David Hensher - Newsroom articles
Passengers Rail 25 Sep 2012
ITLS TOPS report is discussed in MX Sydney
Commuter crush too much to bear 25 Sep 2012
Professor David Hensher is quoted in the Geelong Advertiser in relation to the ITLS TOPS report.
Sydney Morning Herald
Almost half of Australian train commuters say they cannot tolerate the level of crowds during peak hour services, a report has found. Professor David Hensher offers his insight into the issue.
Train crowding in Aust intolerable: report 25 Sep 2012
Professor David Hensher, of the university's Institute of Transport and Logistics Studies, says train travellers are more concerned about crowding than travel time or fare prices.
David Hensher interviewed by Radio 5AA 21 Sep 2012
Professor David Hensher was interview on Radio 5AA regarding a paper on transport economics about tendering out multiple contracts for public transport
ACCC calls for road congestion pricing 17 Sep 2012
The Australian Financial Review
The Australian Financial Review has interviewed Professor David Hensher (ITLS) on the issue of congestion pricing, as raised by the ACCC recently.
Watchdog calls for road congestion pricing 15 Sep 2012
Australian Financial Review
The Australian Financial Review has interviewed Professor David Hensher, director of the Institute of Transport and Logistics Studies at the University of Sydney Business School, regarding potential congestion charges.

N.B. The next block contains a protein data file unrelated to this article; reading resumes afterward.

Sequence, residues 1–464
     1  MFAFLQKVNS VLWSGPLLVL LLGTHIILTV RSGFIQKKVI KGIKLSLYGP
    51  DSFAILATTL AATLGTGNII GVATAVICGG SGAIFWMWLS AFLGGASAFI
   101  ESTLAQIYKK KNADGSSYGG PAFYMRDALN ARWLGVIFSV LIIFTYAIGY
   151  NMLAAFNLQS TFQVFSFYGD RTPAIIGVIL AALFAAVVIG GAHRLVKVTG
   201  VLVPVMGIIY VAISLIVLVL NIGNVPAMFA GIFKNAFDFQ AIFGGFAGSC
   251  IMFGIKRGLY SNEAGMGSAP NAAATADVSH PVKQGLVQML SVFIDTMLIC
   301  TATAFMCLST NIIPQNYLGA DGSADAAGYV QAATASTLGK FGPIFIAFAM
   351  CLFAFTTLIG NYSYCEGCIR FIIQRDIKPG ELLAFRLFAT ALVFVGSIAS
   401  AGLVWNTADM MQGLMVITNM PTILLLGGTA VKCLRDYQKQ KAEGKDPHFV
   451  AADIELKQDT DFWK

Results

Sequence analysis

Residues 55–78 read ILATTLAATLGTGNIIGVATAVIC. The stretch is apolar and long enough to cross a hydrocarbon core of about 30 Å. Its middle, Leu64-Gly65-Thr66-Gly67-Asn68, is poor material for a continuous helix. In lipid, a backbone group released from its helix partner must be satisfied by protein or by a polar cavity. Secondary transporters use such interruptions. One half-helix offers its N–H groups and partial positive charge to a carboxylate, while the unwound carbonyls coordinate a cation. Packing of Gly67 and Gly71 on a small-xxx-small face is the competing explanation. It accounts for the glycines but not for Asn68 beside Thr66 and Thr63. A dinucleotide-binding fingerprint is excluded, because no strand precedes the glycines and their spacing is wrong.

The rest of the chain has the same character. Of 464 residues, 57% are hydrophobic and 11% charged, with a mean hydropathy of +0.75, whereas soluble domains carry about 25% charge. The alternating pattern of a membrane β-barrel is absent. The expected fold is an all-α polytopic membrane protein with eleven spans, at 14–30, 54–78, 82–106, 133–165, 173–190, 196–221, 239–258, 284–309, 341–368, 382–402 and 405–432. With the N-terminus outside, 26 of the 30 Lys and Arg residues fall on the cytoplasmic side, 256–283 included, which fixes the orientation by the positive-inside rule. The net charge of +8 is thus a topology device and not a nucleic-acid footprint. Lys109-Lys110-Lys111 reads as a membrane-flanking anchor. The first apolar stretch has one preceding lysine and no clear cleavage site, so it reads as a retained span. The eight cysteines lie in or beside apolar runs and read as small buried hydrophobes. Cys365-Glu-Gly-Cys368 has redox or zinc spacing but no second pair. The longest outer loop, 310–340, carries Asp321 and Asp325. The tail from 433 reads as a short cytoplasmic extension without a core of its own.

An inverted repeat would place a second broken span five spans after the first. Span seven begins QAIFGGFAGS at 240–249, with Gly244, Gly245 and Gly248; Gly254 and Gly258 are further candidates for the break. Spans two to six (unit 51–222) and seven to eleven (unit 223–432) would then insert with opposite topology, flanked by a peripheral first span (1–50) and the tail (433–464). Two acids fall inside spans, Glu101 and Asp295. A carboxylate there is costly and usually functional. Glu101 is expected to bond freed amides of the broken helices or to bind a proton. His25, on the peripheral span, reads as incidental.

Corridors the key to unlocking congestion 12 Sep 2012
The Brisbane Times
Professor David Hensher has published an opinion editorial in The Brisbane Times, discussing the benefits of corridors for travel in the future urban planning for Sydney.
Trouble up ahead if east meets west 12 Sep 2012
Professor David Hensher discusses the benefits of toll roads in Australia for drivers, and the downsides for investors in The Age.
Corridors the Key to Unlocking Congestion 12 Sep 2012
The Sydney Morning Herald
The Sydney Morning Herald has published an op-ed by Professor David Hensher, Director of the Institute of Transport and Logistics Studies, the University of Sydney Business School, in which he argues that the right questions are not being asked in relation to the NSW government's transport master plan.